If you see a big, power forward with a reputation for ferocious athleticism in the middle, there has to be a boost for teammates and extra focus on him for defenders, even if stats do not bare it out.

The move reminds me in some way of subbing in a goalkeeper for a penalty shoot-out (much love, Andrew Redmayne).

Andrew Redmayne celebrates

(Photo by Matthew Ashton – AMA/Getty Images)

Even if the stats do not bare out that the player coming on is a better shot stopper than the keeper coming off, bringing him in like a closer in baseball has to affect the psyche of the players shooting.

Tim Krul coming on in the 2014 World Cup quarter-final versus Costa Rica – despite being a statistically average penalty saver for Newcastle – immediately springs to mind.

Even if the scoreboard showed a close game, Richmond were haranguing Geelong every time they were near the ball and Geelong’s kicking coming out of defensive 50 was extremely shaky, getting picked off time and again.

Richmond’s pressure was beginning to tell.

The dam wall seemed to break at the beginning of the fourth quarter with Richmond kicking the first two goals of the final term and having the last 12 inside 50s, at the point of Tom Lynch’s third goal to put Richmond 17 points up.

But the Cats have serious mettle too.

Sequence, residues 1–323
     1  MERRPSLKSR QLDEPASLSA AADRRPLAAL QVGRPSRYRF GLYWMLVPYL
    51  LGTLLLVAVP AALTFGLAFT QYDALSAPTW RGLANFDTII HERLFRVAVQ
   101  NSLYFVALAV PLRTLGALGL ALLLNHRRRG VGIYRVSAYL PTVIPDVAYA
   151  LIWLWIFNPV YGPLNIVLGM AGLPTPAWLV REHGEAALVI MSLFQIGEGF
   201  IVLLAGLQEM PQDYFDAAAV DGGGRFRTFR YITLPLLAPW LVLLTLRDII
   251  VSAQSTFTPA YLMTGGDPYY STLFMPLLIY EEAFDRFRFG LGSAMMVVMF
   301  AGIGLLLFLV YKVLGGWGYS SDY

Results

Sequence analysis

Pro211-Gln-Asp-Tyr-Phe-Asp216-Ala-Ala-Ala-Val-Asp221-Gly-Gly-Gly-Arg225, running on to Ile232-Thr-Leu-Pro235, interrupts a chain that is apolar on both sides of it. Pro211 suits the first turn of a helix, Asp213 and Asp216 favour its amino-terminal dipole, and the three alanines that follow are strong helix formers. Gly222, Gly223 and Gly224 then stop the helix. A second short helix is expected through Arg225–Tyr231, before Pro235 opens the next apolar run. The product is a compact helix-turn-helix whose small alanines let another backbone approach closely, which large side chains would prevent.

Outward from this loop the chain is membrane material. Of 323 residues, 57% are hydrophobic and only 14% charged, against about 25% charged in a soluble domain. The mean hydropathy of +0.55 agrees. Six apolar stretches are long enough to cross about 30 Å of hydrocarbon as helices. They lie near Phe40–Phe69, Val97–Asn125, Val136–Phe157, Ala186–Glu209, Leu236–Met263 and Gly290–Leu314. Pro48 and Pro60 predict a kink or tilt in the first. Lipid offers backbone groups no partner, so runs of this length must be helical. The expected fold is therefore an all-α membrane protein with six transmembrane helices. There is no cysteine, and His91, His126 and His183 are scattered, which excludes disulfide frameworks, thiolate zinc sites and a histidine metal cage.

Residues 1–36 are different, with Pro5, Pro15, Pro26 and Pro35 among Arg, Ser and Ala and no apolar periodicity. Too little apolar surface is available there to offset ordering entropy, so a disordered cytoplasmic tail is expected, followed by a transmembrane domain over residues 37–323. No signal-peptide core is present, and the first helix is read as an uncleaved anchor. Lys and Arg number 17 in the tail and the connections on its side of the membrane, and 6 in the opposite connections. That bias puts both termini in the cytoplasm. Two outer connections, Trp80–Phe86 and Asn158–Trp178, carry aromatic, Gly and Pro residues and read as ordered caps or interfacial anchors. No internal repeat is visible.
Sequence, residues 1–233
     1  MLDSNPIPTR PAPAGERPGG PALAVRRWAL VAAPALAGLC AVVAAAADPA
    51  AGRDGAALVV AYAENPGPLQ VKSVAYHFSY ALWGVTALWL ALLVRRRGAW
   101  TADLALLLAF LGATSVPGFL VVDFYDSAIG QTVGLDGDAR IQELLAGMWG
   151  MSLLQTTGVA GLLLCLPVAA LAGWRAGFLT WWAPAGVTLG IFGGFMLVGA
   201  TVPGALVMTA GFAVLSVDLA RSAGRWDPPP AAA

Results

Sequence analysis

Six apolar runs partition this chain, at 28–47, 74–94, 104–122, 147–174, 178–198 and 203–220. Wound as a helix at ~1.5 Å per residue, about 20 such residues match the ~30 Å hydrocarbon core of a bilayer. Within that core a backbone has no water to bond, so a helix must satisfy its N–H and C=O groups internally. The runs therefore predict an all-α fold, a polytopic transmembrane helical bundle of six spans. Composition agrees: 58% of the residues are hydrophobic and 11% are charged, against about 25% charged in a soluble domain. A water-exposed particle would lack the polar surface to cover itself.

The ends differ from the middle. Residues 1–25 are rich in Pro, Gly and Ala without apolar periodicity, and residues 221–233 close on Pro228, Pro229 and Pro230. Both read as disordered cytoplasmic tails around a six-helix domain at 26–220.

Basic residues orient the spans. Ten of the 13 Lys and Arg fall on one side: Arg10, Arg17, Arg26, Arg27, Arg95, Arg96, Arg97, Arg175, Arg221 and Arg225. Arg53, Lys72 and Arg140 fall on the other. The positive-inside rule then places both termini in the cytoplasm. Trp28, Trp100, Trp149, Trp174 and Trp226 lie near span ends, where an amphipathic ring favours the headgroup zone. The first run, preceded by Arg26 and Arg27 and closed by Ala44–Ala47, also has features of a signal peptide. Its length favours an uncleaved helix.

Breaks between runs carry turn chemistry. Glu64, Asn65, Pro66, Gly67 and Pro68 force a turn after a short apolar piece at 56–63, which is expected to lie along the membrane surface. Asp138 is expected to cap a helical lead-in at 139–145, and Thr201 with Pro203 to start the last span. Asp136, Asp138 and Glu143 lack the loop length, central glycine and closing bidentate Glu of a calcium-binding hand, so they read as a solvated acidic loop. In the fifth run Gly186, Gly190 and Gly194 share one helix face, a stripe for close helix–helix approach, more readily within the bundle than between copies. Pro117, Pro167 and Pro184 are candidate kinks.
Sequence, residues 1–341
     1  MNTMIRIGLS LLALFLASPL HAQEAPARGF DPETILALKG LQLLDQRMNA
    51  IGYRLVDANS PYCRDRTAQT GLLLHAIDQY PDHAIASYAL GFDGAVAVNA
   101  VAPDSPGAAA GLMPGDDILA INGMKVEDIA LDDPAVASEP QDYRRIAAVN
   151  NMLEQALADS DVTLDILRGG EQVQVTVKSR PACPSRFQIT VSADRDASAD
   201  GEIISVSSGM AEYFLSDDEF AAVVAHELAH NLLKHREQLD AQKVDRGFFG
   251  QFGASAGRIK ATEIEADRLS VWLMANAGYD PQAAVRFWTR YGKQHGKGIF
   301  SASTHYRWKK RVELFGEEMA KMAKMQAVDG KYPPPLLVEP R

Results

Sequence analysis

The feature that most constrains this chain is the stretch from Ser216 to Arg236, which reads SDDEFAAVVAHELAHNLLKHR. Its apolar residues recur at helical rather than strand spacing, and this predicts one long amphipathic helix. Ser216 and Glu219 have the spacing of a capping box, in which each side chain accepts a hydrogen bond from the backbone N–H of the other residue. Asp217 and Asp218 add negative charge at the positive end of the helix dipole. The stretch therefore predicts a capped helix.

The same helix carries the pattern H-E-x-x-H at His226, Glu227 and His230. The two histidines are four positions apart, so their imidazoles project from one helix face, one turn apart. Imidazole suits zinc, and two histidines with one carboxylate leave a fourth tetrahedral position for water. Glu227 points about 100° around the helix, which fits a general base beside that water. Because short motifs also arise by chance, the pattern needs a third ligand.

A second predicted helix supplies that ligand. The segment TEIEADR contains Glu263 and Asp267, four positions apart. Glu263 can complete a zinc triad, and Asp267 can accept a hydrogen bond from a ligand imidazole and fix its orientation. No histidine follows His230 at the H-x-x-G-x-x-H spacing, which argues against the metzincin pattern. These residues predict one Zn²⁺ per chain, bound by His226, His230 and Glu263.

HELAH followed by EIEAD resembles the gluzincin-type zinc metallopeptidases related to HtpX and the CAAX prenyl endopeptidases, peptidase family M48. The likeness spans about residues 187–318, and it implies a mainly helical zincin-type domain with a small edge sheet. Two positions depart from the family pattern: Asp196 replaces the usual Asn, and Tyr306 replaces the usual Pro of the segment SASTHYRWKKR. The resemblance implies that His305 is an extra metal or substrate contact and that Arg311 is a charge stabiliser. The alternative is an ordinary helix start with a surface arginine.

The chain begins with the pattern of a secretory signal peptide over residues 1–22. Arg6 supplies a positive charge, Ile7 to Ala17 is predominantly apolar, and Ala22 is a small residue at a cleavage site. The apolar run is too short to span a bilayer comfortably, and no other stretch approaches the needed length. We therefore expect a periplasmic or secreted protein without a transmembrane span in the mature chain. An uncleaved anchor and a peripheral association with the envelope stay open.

They kicked the next three with Cameron kicking the punctuation mark to tie the game 15 minutes into the final term.

Jeremy Cameron of the Cats (R) celebrates a goal with Tom Hawkins

(Photo by Daniel Pockett/Getty Images)

From here it was a battle of attrition with Geelong dominating the play but simply failing to convert, with three straight behinds.

No goals were kicked until the 26th minute of the final quarter when Maurice Rioli, one of the most famous names in Tigers history, kicked a goal to put the Tigers ahead by three points.

It seemed to be written. Richmond were home.

They have been so good at killing games when they are in a position to win since the heartbreaking three-game run of losses in 2017 against the Bulldogs, Fremantle and GWS. As a Tigers fan, I felt comfortable that the game would be killed by a clinical Tigers side.

But even though the laundry is the same, these aren’t the 2019 Tigers. They’re a little older, a little slower, and their best contested-ball player had been knocked out.

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Geelong got the clearance through some fresh blood in Tom Atkins, who kicked it deep and let Jack Henry take an absolute screamer in a big spot.

The kids are alright in Geelong.

After this there was still about a minute left in the game. Richmond pushed the ball inside 50 again and again but could not find anyone.

With the final roll of the dice, Jayden Short hacked the ball forward only to find public enemy number one, Tom Stewart. He was as excellent as he was hated on Saturday afternoon, which is to say that he was truly extraordinary.

If it felt like Rioli kicking the apparent sealer was written, this is the only more perfect ending. The man who will rightly be crucified this week by all those who are not straining to tell us how much of a ball player he is and how out of character this was ended the game as he played it: with poise and calm. 

It was his final act in a Cats guernsey before a mid-season holiday, and it befits a player of his calibre.

What a game. I’m just glad we can talk about it.